Thousands of Syrian refugees stream into Iraq
Press Releases, 18 August 2013
Thousands of Syrian refugees have been streaming into northern Iraq today (Sunday) moving in a wave of people loaded down with their belongings.
"Authorities at the Sahela border crossing report that more than 5,000 Syrians have arrived and many more are headed to the frontier," said Claire Bourgeois, UNHCR Representative in Iraq. "UN refugee agency staff at Sahela today report what appears like a river of people coming towards the border."
"The number of people moving across the frontier today is quite significant," Bourgeois declared. "UNHCR is witnessing a major exodus from Syria over the past few days unlike anything we have witnessed entering Iraq previously."
On Saturday, more than 10,000 Syrians streamed across the Peshkhabour bridge over the Tigris River, north of the Sahela crossing, as people continued to flee areas in northern Syria stretching from northwest of Aleppo eastwards. Many refugees said they were fleeing fighting involving various armed groups and increasing tension in areas of northern Syria including Efrin, Aleppo, Hassake and Qamishly.
UNHCR estimates that more than 15,000 Syrians crossed into Iraq on Thursday and Saturday at the Peshkhabour pontoon bridge over the Tigris River.
The on-going exodus adds sharply to the number of Syrians in Iraq. Prior to Thursday some 154,000 Syrians had registered as refugees in Iraq.
UNHCR and its partners have erected shelters with plastic tarpaulins at both the Sahela and Peshkhabour crossings to protect fleeing Syrians from the sun and heat while they await transport from the border using a fleet of hundreds of vehicles organized by the International Organisation for Migration and the Kurdistan Regional Government. Together with the authorities and its NGO partners, UNHCR is distributing water and food to the new arrivals.
UNHCR has sent 37 trucks loaded with relief items and sanitary supplies including tents, mattresses, jerry cans, tarpaulins, blankets, hygienic kits, kitchen sets, stoves, water tanks, latrines, showers and electric fans to help the new arrivals.
"UNHCR is grateful for the close cooperation and support of the Iraqi Government and the Kurdistan Regional Government in opening the border and assisting these new arrivals," said UNHCR's Claire Bourgeois.
Aid workers reported desperate scenes amidst the summer heat as families swarmed across the pontoon bridge at Peshkhabour on Saturday. Prior to last Thursday's arrivals, Iraq's border with Syria had been sharply regulated since mid-May, aside from some 700 Syrians who were allowed to cross on 15th July for medical reasons and to rejoin relatives.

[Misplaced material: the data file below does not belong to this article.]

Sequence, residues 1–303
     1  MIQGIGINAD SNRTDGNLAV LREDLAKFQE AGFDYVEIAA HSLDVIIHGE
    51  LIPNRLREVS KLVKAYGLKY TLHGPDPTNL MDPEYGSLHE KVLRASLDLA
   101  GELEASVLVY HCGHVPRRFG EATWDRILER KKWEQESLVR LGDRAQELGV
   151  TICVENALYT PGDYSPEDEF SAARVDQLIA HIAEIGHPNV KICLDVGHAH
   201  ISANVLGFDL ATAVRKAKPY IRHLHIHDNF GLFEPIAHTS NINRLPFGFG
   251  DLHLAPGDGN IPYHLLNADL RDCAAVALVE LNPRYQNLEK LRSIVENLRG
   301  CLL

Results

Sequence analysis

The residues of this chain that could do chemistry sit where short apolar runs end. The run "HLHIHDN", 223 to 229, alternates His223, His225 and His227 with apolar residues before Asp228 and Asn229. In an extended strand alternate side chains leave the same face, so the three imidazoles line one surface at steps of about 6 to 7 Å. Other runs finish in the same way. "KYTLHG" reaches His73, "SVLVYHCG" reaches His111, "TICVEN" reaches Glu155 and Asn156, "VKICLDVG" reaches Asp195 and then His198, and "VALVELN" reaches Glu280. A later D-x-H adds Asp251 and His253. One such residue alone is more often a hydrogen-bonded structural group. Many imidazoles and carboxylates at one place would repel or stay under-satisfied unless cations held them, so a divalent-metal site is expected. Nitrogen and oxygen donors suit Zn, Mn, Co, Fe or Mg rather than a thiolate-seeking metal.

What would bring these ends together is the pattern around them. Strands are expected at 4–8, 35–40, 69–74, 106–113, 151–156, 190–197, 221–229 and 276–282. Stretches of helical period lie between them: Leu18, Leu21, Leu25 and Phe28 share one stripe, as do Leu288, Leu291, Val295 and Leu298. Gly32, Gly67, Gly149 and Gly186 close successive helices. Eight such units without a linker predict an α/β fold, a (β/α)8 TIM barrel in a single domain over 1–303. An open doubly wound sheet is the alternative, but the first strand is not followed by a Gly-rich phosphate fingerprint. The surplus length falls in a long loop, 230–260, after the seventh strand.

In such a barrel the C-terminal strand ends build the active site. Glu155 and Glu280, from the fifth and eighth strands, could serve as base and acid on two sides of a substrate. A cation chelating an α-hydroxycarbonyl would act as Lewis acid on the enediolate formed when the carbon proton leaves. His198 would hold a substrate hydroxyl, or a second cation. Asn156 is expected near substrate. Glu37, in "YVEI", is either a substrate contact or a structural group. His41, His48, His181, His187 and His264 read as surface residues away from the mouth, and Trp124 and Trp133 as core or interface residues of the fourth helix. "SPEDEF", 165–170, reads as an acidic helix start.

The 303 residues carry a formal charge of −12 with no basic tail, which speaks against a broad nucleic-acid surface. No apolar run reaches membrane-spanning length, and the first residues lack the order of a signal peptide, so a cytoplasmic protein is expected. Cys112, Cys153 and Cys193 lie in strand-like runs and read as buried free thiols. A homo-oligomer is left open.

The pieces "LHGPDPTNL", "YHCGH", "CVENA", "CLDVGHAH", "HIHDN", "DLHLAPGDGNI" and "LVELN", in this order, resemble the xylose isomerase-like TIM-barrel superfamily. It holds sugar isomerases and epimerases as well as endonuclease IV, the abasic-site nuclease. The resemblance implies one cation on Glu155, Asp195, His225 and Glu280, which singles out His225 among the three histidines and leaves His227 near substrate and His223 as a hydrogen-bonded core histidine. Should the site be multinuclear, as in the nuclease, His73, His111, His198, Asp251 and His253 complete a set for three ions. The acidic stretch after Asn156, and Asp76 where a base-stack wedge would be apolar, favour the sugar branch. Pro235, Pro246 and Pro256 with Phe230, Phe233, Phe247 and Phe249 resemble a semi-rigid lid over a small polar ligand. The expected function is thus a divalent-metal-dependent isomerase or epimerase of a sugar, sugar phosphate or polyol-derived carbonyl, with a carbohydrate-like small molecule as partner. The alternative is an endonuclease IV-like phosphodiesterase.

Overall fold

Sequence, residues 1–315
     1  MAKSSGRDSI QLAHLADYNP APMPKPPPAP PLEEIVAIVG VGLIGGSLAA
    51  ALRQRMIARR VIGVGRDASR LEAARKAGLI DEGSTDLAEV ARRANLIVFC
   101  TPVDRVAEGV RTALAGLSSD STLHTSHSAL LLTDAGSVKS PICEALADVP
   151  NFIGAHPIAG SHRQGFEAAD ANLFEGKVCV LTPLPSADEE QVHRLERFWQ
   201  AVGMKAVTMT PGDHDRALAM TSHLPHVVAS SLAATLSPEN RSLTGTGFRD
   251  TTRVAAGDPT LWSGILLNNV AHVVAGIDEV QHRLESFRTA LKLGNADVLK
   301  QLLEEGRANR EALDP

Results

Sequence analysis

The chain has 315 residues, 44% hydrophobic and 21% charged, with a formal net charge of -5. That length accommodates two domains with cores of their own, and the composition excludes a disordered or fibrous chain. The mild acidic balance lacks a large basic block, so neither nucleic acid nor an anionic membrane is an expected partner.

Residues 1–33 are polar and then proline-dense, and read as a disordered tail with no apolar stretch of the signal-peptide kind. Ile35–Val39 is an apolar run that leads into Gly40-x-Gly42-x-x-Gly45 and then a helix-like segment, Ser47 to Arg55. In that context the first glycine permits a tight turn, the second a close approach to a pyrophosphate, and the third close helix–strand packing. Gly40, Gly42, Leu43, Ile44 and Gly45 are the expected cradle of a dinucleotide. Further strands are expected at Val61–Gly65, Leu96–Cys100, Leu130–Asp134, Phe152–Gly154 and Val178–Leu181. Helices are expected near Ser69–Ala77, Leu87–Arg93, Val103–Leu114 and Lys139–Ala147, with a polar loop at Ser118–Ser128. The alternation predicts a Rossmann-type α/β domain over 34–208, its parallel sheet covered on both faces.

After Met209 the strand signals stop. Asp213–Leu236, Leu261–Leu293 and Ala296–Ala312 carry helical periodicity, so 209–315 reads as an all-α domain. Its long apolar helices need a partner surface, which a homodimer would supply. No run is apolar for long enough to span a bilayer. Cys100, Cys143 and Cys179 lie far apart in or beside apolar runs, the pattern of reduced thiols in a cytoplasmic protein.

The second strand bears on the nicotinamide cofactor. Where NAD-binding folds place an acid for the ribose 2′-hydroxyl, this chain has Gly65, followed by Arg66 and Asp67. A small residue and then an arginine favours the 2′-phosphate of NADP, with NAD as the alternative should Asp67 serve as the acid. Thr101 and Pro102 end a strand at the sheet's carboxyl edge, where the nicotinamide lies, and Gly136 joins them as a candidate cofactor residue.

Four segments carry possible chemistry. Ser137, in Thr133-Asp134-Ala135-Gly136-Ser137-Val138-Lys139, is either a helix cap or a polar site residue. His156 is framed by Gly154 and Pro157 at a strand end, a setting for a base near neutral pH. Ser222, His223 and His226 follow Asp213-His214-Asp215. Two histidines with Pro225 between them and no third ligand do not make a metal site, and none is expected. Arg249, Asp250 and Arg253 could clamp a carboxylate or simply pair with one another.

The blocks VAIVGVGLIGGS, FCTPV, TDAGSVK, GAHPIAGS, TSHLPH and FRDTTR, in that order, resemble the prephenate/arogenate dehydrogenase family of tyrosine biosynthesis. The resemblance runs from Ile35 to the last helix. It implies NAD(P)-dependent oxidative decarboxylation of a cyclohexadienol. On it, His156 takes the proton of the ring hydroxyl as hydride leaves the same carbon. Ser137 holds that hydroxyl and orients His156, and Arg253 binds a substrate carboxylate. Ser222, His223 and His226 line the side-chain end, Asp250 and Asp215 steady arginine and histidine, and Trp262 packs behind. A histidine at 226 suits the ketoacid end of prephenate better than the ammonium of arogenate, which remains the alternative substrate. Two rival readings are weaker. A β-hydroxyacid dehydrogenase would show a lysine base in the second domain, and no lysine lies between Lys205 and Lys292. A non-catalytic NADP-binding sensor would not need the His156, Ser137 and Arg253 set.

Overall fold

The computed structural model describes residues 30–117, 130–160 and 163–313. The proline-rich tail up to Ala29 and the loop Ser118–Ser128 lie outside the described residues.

In conjunction with regional authorities, UNHCR has opened a transit site at Kawergost town, near Khabat in Erbil Governorate. Some 7,000 Syrian refugees are currently encamped at the transit site. Some 600 tents have been erected at the transit area and a further 250 tents are planned.
Kurdish Regional Government authorities have transferred 4,000 of the new arrivals to a school in Sulemaniyah Governorate further eastwards where another temporary transit site is under construction. Others are being accommodated with relatives or in mosques.
In cooperation with the Kurdish Regional Government, UNHCR and its partners are building Darashakran camp, which is expected to begin accommodating refugees by the end of August. UNHCR built Domiz refugee camp near Dohuk, Iraq earlier this year. Domiz, originally constructed to accommodate 15,000 Syrian refugees, is currently overcrowded with more than 55,000 residents
UNHCR oversees aid to more than 1.9 million Syrian refugees in neighbouring countries.
For media inquiries:
- Amman, Jordan: Peter Kessler: mob. +962-79-631-7901
- Geneva, Switzerland: Adrian Edwards: mob.+ 41-79-557-9120
- Dubai, UAE: Mohammed Abu Asaker: mob. +971-50-621-3552
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- UNHCR delivers aid to Syrians in eastern Aleppo for first time in 2015
UNHCR country pages
over 3 million Syrians are now refugees